The June 30 Quarterly Report from Platinum Asset Management’s European Fund contains some great insights and here’s an excerpt that I find particularly interesting.
“Consider for a moment our own experience, as Australians, participating in this economy over the last thirty-odd years:
- We have enjoyed a period of unprecedented economic stability. We have not experienced a recession in 26 years. This is now officially a world record.
- During this time unemployment has been relatively low. Employers consistently complain of the difficulty of finding suitably skilled workers and lobby for more skilled migration. Our job security is high. Our prospects of finding employment are good.
- Reflecting this, wages have grown faster than inflation with Australian incomes now very high by international standards.
- House prices have appreciated phenomenally over this period. We have generated more wealth through capital gains on property than we ever could have by working and saving.
This experience has conditioned us to be confident about the future. We are confident enough to spend more than we earn. We are confident enough to take on a lot of debt. We are confident enough not to feel the need for precautionary savings. We feel wealthy.
This experience is what a current account deficit economy feels like.
Now try and imagine the world through German eyes over the same thirty-year period:
- They endured not one but four recessions; one every seven years on average and two in the last decade alone.
- In 1990, 16 million East Germans joined their economy. Businesses were spoilt for choice, but for workers it meant two decades of high unemployment, low job security and poor prospects of finding employment.
- Reflecting this, inflation-adjusted wages did not increase at all between 1990 and 2010. That’s twenty years without a pay increase.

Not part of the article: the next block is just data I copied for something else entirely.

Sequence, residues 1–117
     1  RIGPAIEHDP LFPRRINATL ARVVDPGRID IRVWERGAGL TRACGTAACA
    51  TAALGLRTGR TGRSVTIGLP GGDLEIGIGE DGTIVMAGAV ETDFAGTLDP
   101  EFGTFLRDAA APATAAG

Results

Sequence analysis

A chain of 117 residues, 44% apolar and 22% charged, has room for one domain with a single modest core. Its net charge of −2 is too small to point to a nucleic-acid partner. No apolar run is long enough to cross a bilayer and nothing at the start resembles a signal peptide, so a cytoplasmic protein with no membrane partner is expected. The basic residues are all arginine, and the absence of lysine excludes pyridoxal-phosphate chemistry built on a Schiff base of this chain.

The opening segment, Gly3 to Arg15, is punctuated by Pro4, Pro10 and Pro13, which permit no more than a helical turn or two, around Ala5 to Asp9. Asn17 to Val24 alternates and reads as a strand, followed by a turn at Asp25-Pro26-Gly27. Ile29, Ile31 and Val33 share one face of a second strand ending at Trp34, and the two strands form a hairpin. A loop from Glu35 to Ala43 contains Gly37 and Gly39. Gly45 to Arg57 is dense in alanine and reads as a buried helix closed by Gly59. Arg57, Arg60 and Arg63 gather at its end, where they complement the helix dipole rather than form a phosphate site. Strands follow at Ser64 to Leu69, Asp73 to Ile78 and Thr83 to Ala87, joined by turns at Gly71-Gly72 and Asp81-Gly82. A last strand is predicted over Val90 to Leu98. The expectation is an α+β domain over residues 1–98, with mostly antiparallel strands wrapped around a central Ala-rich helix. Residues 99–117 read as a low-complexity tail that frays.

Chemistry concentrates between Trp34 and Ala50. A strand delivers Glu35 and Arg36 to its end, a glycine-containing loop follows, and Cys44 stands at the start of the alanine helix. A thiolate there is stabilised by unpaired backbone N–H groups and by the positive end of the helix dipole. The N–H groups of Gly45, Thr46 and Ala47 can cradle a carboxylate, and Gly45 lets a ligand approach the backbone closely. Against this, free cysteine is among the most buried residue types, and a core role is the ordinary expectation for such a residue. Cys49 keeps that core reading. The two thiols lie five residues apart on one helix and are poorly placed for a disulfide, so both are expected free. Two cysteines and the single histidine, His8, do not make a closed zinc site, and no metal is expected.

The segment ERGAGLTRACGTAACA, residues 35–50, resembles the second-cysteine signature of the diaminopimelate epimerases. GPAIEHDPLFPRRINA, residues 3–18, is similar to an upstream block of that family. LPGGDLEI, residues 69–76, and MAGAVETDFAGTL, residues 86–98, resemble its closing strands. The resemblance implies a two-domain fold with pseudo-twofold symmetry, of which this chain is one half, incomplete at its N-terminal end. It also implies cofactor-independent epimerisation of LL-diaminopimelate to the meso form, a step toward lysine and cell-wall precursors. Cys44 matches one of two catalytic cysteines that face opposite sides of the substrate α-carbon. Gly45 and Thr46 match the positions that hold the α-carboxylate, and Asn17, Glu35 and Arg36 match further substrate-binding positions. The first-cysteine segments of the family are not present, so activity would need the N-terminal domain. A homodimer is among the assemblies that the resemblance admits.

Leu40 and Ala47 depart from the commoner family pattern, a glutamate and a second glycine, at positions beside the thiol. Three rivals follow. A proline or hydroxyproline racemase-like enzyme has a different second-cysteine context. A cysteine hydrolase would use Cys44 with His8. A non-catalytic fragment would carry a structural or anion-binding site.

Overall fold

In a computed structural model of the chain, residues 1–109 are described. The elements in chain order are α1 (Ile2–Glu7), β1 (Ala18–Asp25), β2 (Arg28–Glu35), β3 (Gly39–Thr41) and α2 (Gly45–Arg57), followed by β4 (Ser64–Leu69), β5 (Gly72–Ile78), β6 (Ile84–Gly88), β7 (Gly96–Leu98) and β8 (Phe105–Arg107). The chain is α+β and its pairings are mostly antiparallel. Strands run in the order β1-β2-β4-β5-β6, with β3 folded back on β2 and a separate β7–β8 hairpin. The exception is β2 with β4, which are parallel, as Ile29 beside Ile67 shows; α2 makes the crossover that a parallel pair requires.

- Many Germans own their homes, but inflation-adjusted house prices went sideways from 1980 to 2010. That’s thirty years with no capital gain to speak of.
This experience has conditioned Germans to be cautious. They are miserly with their spending. They eschew debt. They hold significant precautionary savings. They invest their savings in bank deposits, not property and shares. Make no mistake, Germans are well of. But they got there the old-fashioned way. Slowly! By working and saving.
This experience reflects what a current account surplus economy feels like.
For over three decades, countries like Japan, China and Germany have generated large surpluses of savings. These were channelled by capital markets to deficit countries where they enabled households, businesses and governments to gear their balance sheets. This fuelled asset price booms in deficit countries and allowed households to live better and spend more than their own incomes would allow.
This is the world as we have known it for three decades. But it’s changing.”
Both surplus and deficit countries need to get as close as possible to having a neutral current account to avoid continuing to worsen existing global imbalances. The thing is, it’s relatively easy for a surplus country to learn to spend more on themselves to achieve the neutral state, but it would take tremendous pain for a deficit country to learn to tighten their belt to get to the same state.